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Checked vs Unchecked Excpetions

 
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Hello,

I can't seem to clearly understand the difference between checked and unchecked exceptions.

According to SYBEX Certified Associate Java® SE 8 Programmer I, Study Guide, Exam 1Z0-808 page 302-303

A runtime exception is defi ned as the RuntimeException class and its subclasses. Runtime exceptions tend to be unexpected but not necessarily fatal. For example, accessing an invalid array index is unexpected. Runtime exceptions are also known as unchecked exceptions. A checked exception includes Exception and all subclasses that do not extend RuntimeException. Checked exceptions tend to be more anticipated—for example, trying to read a file that doesn’t exist.



I can't seem to understand the difference between checked and unchecked exceptions. Don't all exception occur at runtime??

For checked exceptions, Java requires the code to either handle them or declare them in the method signature. An example of a runtime exception is a NullPointerException, which happens when you try to call a member on a null reference.

why is null pointer a runtime exception?
In my experience usually we handle a null pointer exception. In this logic, why isn't  a null pointer a checked exception?

Thanks
 
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Don't use the enter key repeatedly in normal text; let the user's browser organise the line lengths.

Have you read the Java™ Tutorials section about exceptions? The word RuntimeException was chosen because the exception occurs entirely inside the runtime, whereas other exceptions occur somewhere else. For example an IOException can occur because the file is read‑only, or a network cable is disconnected or similar. The theory is that things going wrong in the runtime cannot be corrected and might not be predictable, so why shou‍ld you catch them. On the other hand checked exceptions might allow one to correct them so the compiler forces one to handle them.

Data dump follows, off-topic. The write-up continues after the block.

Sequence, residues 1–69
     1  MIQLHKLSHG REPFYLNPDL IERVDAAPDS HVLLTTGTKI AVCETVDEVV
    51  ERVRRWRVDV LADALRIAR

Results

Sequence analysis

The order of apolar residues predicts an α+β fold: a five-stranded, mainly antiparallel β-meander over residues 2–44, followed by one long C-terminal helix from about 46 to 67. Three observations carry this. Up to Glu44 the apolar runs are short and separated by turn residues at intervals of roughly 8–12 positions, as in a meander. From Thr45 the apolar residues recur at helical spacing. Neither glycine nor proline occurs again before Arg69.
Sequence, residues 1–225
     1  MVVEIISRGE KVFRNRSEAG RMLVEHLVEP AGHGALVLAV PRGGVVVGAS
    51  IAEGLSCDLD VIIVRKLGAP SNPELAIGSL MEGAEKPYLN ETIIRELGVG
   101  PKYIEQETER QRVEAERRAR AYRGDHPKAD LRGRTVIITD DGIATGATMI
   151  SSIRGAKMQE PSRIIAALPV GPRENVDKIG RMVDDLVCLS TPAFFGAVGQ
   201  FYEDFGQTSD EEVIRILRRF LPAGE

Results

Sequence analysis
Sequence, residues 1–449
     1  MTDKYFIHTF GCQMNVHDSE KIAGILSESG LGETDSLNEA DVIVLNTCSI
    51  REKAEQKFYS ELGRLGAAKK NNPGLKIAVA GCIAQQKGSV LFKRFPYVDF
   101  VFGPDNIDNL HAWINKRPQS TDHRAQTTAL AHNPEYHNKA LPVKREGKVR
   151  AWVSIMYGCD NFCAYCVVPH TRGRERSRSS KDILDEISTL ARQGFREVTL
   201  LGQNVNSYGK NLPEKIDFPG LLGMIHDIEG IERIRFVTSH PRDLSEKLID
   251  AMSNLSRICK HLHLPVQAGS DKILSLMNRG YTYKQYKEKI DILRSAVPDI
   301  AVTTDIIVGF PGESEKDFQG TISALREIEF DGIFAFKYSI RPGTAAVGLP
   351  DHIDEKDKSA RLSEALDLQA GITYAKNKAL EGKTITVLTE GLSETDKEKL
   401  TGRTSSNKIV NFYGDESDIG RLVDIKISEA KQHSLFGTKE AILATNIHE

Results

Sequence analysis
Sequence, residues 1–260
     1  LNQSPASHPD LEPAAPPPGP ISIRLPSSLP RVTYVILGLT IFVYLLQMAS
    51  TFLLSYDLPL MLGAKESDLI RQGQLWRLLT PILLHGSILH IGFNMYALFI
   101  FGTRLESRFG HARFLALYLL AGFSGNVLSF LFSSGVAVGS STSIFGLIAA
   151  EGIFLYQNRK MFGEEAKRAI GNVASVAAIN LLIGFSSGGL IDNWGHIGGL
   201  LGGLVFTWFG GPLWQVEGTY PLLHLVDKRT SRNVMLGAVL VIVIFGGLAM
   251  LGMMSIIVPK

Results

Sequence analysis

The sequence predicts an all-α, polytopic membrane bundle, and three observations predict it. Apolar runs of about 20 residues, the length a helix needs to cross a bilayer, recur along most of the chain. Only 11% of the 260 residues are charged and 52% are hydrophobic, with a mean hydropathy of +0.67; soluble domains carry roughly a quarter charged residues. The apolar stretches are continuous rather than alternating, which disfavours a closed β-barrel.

That is the theory. There are some runtime exceptions which can easily be corrected, e.g. NumberFormatException, but most, including NullPointerException, would require changing the code to sort them out. You shoul‍ld not usually catch an NPE, but work out why it happened and correct the code. As I said, that is the theory, but Java® exceptions is a notoriously controversial subject.
Does the book say anything about Throwable or Error, and whether they are checked or unchecked?
 
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Campbell Ritchie wrote:As I said, that is the theory, but Java® exceptions is a notoriously controversial subject.
Does the book say anything about Throwable or Error, and whether they are checked or unchecked?



In my opinion, the whole concept of checked exceptions is controversial. I believe this is why C# didn't bother supporting it.

Henry
 
Ioanna Katsanou
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Campbell Ritchie wrote:Don't use the enter key repeatedly in normal text; let the user's browser organise the line lengths.


Does the book say anything about Throwable or Error, and whether they are checked or unchecked?



It does mention them, but it does not specify if they are checked or unchecked exceptions.
It just says that a checked exception includes Exception and all subclasses that do not extend
RuntimeException.
 
Campbell Ritchie
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In that case have a look at the links provided and see what it says there.
As Henry says, there is a great deal of controversy about checked exceptions and he is surely right about C#.
 
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